The wild goose chase on the bumpy road of life is indeed engrossing. Fact is, there's a road ahead and this film is a journey.
Need, greed, exploits, chase — and an uncertain return! Aniruddha Roy Chowdhury, known for his urban tales of love and longing, takes a turn — almost 360° — to plunge into the dark dungeons of Kolkata and discovers gold in filth and grease. His movie, replete with crime movie cliches — good boy meets bad boy, poverty playing havoc, the inviting whirlpool of danger from where there's no respite — turns every stock situation and character into an advantage as he etches out real people and shows flourishes of style that make you gape in awe. Well, nothing can go wrong if your heart is at the right place.
Dev is as beautiful as a young woman: Gargi
That's for the maker. It does go wrong at the onset for Amal, the clean slate of a guy who makes both ends meet working as a guard at a mall. Poverty leads to that chronic malaise, unhappiness, and he takes up the job of a carrier when offered one. Thus, begins life on the wild side.
isn't about ruthlessness, grandiosity, pipe dreams. It's not even a whodunnit. For that matter, the film is a study in contrasts: the tale of life on a road treaded more but explored less, at least cinematically, in Bengal. As Harendra Singh's camera crosses borders, zooms in and out of the innocuous daytime markets in Mumbai, Bangkok, Dhaka and the fiendish lanes and bylanes of nocturnal Kolkata and beyond, you come face to face with reality, no matter how stark, no matter how evil. As Amal wanders down dangerous roads, he paints a picture of the city's underbelly and its many inhabitants. There's the westernized Madam in ethnicwear, bad boy Robin, diabolical Adrija, consignment coordinators, assignment givers... As one event leads to another, Amal comes across Rijula and life takes yet another turn. Then on, its run, run more, and run some more...
All you need to know about Buno Haansh
All the characters in the movie, however, are not bred by Samares Mazumdar's eponymous novel. Aniruddha has taken many creative liberties, some of which work wonders. The most precious churnout is Amal's sister-in-law, who is not nagging as in the novel and becomes the protagonist's biggest support system. Pushed to the brink by poverty, she renders one speechless when owning up about having to pop pills while yearning to become a mother. With her pechhone baansh, bogole itihaash line, she is symbolic of the millions living on the fringes of this society, ostracized by its greatest evil, poverty. She lends Amal character — her pain, anguish, concern a possible justification for his behaviour. Sudiptaa Chakraborty, in a powerpacked performance, is bound to stun and silence actresses her age, older and younger. So what if she has competition in Sohag Sen as Amal's mother, Srabanti (Sohag) as Amal's love interest, and Tanusree Chakraborty (Rijula) as Amal's partner in crime? Sohag is motherly, Tanusree shows promise despite being less mysterious than in the novel, and Srabanti — though she looks straight out of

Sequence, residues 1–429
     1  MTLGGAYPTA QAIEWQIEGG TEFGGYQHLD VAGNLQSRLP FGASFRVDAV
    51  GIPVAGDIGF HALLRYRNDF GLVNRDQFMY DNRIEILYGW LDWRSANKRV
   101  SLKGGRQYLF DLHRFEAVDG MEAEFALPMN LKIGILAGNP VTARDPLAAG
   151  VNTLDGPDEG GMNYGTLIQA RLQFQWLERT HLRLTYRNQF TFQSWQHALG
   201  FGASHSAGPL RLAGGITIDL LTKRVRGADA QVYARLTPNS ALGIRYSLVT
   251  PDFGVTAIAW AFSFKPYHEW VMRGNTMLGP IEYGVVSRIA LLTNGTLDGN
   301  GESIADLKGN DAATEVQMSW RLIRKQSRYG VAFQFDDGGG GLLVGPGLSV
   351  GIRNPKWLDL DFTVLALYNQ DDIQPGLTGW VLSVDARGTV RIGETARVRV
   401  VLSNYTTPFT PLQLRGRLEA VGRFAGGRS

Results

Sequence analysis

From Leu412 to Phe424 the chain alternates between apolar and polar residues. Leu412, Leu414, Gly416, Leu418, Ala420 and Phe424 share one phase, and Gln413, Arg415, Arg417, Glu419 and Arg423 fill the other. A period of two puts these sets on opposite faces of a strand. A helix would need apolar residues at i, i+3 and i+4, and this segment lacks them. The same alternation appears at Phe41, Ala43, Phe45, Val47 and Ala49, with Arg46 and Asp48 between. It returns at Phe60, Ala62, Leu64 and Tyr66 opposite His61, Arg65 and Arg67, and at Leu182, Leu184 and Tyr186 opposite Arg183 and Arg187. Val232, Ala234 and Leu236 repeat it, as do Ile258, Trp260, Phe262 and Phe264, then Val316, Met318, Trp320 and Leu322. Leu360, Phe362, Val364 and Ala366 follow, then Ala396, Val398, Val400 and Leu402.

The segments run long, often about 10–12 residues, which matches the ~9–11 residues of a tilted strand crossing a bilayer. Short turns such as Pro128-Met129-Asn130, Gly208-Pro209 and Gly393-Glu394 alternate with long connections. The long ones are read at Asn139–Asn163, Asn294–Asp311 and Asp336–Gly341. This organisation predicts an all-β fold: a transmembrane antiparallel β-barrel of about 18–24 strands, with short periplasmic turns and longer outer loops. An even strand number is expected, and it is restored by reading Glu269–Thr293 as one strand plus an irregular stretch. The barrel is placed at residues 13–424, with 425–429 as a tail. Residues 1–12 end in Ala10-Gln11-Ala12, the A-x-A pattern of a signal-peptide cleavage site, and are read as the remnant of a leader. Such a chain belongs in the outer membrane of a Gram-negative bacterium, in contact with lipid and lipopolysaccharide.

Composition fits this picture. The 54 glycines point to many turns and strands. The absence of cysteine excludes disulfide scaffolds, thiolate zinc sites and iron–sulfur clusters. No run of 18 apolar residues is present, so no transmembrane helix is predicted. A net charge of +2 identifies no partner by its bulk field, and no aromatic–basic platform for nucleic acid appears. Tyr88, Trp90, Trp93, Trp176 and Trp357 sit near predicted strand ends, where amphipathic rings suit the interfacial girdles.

in many scenes — is effective in her small role.
In Pics: Buno Haansh music launch
As women pack a punch, Aniruddha can pat himself some more. All his actors — operators of the international crime syndicate — shine in character roles, be it Gargi Roychowdhury, Shankar Chakraborty, Arindam Sil, Anindya Banerjee, Shantilal Mukherjee, though Moon Moon Sen aka Madam is very... Moon Moon Sen. Did we see Raima Sen turning on the heat in one sequence, dance-happy and dialogueless?
, which is as much about its characters as about the story, passes a litmus test as Dev aka Amal turns in a mature performance. No wildlife safari, this is life, wild, very wild. And Dev, despite some diction irregularities here and there and falling a tad short when pitted against Sohag or Sudiptaa, pulls off the role of a simpleton who has his innocence intact as he meets the vagaries of life, chin-up. In a poignant moment, he sits on the banks of Padma, remembers his parents' agony of living life away from their motherland and smears the soil across his forehead. Tears come naturally to him, but they don't break his character, they make him. He is both vulnerable and strong, dancing to the tunes of Rijula in one half of the movie and wielding the gun in an ambush on the overbridge. Does he succeed? Telling it would be telling the story. But what can be said is that Aniruddha doesn't rob himself of his signature style. So, there's hope and hopelessness, end and a possible beginning.
"Making a film is like giving birth"
Another positive of the movie is its music. The Aniruddha-Shantanu Moitra-Anindya-Chandril combination has done magic before and it doesn't come as a surprise that they cast a spell again, joined in by Srijato in the efforts. The song,
Zindagi kahin bhi thamti nahin
, in fact, aptly sums up the theme of the movie. That apart, there's music that entertains, prods and provokes... What also stands out is the director's eye for detail. So, when a flight takes off, you can see its shadow fleetingly kissing the grass below, when a phone is found from the scene of crime, there's a droplet of blood on its display. Strange then, why should Sohag, who is undergoing treatment, have hair on her head after her pate's shown wrapped in a towel in a previous scene? This review is not to find faults, this is not even to praise. Let the box office do the talking. The wild goose chase on the bumpy road of life is indeed engrossing. Fact is, there's a road ahead and this film is a journey. For the fainthearted, whose roads bend south at every turn, there's just one pointer — DANGER AHEAD.